• Drop D tuning •



Probably the first altered tuning you ever learned. Easy to remember, simple to reach from Standard, and innately fun to jam in across a countless range of genres. Notably, 6-5-4str form a ‘straight line’ power chord, with the slackness of the 6str bringing subtle pitch instabilities when strummed hard (looser, lower strings have a wider ‘wobble’ – and this vibration, being essentially like any other ‘bend’ of the string, raises its pitch: see more on ‘inharmonicity’, plus my James Taylor tuning puzzle).


I often use transpositions of Drop D as my ‘default’ steel-string tuning when exploring new music: the ‘1-5-1’ bass-side power is useful for replicating the modal music of other cultures, and the unchanged 5-1str maintain melodic familiarity. It’s also 2 semitones wider than Standard (great for 9th voicings), and comfortably covers many common keys too: apart from all shades of D itself, you can capo at 2fr for songs in E (or 1fr for Jimi Hendrix Eb) – or leave open for an interesting twist on Cmaj (all the open tones are in the Cmaj scale, but C itself is not present). 


Similarly, the tuning makes an ideal ‘home base’ from which to further wind the pegs – functioning like a ‘crossroads’ between the Open D, Open G, and Drop 6th families, with onward access to many other realms (6str is the most commonly-altered on the whole Menu). Honestly, while I still love Standard, I almost think that Drop D should be taught alongside it from the very start: especially for young beginners, for whom the most vital facet of learning is finding fun and enjoyment in the clear coherence of new sounds (it certainly worked well when I tried it with my last primary school class here in South London: if multiple 5-year-olds are just gonna wildly strum the strings at random intervals throughout the session, then I may as well load up their guitars with a little more consonance…anyway, I salute their general impulse to shamelessly make noise!).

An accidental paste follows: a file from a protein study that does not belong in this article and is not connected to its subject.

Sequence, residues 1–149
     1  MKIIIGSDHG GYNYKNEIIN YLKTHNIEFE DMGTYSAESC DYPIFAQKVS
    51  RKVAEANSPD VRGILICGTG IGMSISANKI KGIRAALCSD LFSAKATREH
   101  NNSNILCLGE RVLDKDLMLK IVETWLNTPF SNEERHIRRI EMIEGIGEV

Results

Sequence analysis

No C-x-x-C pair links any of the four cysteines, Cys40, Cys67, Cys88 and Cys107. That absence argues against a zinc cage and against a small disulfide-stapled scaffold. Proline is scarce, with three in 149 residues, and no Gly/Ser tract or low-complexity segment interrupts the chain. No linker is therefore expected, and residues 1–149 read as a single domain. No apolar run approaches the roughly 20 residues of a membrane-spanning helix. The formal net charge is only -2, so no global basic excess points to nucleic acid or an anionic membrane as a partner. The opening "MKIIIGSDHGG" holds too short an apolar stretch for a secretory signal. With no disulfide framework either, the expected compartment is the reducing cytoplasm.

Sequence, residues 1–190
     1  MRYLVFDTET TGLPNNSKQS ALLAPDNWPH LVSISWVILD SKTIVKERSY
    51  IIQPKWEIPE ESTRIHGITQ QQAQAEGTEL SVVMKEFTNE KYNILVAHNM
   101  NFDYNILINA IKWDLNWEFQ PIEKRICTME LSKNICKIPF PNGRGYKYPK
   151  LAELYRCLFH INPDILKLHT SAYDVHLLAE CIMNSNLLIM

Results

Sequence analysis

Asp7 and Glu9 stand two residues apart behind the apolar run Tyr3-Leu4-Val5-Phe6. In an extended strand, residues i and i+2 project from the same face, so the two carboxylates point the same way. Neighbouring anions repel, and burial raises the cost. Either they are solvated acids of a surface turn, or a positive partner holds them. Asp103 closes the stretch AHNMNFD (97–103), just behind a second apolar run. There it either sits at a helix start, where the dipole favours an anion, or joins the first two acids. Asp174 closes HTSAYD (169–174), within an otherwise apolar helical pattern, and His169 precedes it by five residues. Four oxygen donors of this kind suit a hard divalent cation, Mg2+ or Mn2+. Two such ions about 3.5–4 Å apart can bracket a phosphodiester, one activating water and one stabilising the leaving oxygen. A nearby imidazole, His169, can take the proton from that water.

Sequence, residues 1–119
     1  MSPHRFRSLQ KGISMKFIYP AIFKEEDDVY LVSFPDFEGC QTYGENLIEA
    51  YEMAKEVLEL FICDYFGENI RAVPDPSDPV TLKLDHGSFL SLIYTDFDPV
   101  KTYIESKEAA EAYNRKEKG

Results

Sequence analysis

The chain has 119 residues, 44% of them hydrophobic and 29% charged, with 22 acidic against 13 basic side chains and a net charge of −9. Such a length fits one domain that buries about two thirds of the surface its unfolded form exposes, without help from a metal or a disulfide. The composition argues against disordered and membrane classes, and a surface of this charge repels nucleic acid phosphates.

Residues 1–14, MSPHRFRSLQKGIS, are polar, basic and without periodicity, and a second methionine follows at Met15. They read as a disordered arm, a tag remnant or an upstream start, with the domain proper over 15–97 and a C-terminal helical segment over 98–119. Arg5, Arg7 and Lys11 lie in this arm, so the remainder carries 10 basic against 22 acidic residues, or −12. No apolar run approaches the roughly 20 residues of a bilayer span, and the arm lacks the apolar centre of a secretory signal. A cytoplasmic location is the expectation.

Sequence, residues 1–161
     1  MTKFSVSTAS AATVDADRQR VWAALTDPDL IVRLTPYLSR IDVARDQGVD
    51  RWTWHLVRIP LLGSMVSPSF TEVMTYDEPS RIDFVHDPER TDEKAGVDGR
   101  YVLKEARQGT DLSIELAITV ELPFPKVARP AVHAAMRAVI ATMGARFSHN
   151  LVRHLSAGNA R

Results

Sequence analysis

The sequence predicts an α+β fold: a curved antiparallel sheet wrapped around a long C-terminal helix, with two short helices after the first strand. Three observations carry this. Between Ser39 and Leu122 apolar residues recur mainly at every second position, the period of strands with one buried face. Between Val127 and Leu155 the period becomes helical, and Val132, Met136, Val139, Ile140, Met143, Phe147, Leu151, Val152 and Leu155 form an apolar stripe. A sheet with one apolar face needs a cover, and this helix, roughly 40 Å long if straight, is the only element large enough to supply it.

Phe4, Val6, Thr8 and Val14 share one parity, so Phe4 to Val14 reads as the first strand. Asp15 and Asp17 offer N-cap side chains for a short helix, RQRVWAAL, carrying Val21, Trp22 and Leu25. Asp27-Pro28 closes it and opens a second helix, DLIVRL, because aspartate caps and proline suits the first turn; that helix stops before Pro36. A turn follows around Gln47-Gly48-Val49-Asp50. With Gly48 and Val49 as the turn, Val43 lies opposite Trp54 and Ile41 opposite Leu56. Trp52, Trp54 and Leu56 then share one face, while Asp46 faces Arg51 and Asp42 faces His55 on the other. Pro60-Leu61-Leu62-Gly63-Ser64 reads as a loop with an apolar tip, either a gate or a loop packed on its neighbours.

Pattern: 7>5>5>4>5
Harmony: D6/9(sus4) | 1-5-1-4-6-2


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Naturally, even a semi-exhaustive Drop D list would be impossible to compile. So, for a few famous users, check out: Jimmy Page (Moby Dick), Crosby, Stills, Nash, & Young (Ohio), Neil Young (Harvest Moon), John Lennon (Dear Prudence), Bob Dylan (Mr. Tambourine Man, cp.2), Patty Larkin (Winter Wind), Fleetwood Mac (Never Going Back Again), Frank Zappa (Don’t Eat The Yellow Snow), Steve Vai (Bad Horsie, -1), and Papa Roach (Last Resort) Also see a fine selection in Rick Beato‘s riff rundown: including King’s X (It’s Love), Foo Fighters (Everlong), and Soundgarden (Spoonman: featured in my Odd-Time Songwriting lesson for Guitar World).


Many groups have, at least at some point, used it as a ‘home tuning’ – see multiple songs by bands such as Nirvana (e.g. Swap Meet, On a Plain, Heart-Shaped Box, All Apologies, -1), Tool (most, e.g. Schism, Pneuma, Vicarious), Avenged Sevenfold (e.g. Bat Country, Nightmare, Buried Alive), and Helmet (e.g. Rollo, Flushings, Sinatra, Meantime: they even joined a 2014 tour with Filter and Local H entitled The Anti-Folk Revival In Drop-D).